Biotech Research for Profitable Cultivation of Palm Trees
Researchers at India's Centre for Plantation Crops Research Institute (CPCRI) have used biotechnology to achieve a breakthrough in distinguishing between male and female palmyrah plants in the nursery. The palms are slow growing perennial and have no distinguishing features to identify the sex until flowering, which is usually after 12 to 15 years. Using the molecular marker technology, Random Amplified Polymorphic DNA (RAPD) technique, DNA segments linked to sex determination in dioecious palmyrah were identified.
Palmyrah produces sweet sap from the inflorescence, toddy, palm sugar, brush fibre and wood, irrespective of whether the palms are male or female. However, differences in their yield or quality have been reported and female palms are supposed to yield more toddy on tapping from the inflorescence, and gives better and harder timber than male tree, thus more expensive. In addtion, a great majority of its economic products such as immature endosperm, mesocarp pulp, tuberous seedlings are obtained only from female palms. It is therefore important to have an early identification of female plants in plantation development.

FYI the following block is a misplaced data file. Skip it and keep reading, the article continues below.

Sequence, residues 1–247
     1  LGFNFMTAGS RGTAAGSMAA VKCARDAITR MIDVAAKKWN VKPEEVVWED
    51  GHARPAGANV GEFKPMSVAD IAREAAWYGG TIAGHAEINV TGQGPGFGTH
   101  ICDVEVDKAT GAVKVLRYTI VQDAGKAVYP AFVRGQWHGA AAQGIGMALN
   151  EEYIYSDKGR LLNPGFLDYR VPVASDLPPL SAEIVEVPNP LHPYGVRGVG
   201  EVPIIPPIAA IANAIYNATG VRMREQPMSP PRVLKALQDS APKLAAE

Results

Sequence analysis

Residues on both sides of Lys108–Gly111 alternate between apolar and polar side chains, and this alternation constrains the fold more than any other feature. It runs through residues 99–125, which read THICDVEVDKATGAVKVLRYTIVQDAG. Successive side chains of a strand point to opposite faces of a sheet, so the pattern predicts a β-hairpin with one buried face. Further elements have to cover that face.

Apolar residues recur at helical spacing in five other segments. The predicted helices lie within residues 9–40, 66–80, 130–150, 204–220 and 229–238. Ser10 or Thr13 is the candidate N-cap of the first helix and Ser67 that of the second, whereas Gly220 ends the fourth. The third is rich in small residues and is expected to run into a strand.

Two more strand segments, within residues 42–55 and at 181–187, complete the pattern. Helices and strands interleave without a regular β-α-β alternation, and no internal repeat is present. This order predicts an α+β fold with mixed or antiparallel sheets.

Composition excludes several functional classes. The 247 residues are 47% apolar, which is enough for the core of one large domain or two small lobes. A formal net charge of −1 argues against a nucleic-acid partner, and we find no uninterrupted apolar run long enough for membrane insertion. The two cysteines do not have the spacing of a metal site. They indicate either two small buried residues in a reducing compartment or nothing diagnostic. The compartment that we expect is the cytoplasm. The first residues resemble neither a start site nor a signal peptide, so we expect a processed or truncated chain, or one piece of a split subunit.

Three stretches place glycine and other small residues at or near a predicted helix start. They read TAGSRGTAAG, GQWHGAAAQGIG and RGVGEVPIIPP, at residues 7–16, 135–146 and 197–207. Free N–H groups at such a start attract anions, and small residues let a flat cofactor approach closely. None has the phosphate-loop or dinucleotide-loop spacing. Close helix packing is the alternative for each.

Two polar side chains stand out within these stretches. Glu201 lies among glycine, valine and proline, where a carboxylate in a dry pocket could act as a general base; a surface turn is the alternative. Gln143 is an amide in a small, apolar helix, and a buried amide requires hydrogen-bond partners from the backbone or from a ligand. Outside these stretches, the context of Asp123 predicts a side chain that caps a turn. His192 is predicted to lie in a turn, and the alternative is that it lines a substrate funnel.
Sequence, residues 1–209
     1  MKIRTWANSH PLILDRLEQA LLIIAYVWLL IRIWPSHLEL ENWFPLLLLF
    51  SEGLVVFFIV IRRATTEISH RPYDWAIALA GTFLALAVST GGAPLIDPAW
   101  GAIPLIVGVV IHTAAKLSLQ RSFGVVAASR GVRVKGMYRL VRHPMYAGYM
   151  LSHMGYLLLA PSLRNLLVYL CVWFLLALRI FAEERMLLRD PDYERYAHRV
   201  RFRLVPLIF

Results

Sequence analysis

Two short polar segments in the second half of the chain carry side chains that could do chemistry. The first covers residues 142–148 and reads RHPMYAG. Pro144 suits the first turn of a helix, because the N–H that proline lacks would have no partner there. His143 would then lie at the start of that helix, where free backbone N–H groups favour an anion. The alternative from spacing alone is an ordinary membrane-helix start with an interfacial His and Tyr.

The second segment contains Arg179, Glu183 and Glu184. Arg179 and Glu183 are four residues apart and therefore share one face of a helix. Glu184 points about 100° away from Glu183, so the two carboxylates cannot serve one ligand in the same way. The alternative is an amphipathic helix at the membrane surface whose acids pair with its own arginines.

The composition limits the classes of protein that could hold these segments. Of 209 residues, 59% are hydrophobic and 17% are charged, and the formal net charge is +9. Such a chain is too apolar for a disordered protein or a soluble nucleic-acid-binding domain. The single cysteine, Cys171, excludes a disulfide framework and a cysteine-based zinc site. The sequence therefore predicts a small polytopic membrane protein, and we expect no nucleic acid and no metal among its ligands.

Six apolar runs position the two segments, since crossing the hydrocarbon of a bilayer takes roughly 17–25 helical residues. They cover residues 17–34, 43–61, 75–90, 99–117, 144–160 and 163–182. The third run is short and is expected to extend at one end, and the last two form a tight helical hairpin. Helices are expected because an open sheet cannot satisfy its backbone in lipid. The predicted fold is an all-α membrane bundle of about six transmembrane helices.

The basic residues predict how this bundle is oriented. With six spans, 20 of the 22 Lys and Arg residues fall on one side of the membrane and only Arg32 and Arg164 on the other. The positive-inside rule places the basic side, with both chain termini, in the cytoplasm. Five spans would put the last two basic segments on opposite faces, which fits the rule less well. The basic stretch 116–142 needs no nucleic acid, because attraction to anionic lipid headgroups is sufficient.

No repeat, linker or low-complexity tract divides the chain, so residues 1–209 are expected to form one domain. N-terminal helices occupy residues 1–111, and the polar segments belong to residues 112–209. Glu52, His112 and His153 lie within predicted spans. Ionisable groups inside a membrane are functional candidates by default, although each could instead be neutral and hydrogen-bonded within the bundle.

For full research paper titled "Identification of RAPD markers linked to sex determination in palmyrah (Borassus flabellifer L.)" published in Journal Current Science is available at http://www.ias.ac.in/currsci/oct252007/1075.pdf or for detail contact author of the article Dr. Anitha Karun at email@example.com For more information about biotech development in India contact: firstname.lastname@example.org and email@example.com
This article is part of the Crop Biotech Update, a weekly summary of world developments in agri-biotech for developing countries, produced by the Global Knowledge Center on Crop Biotechnology, International Service for the Aquisition of Agri-Biotech Applications SEAsiaCenter (ISAAA)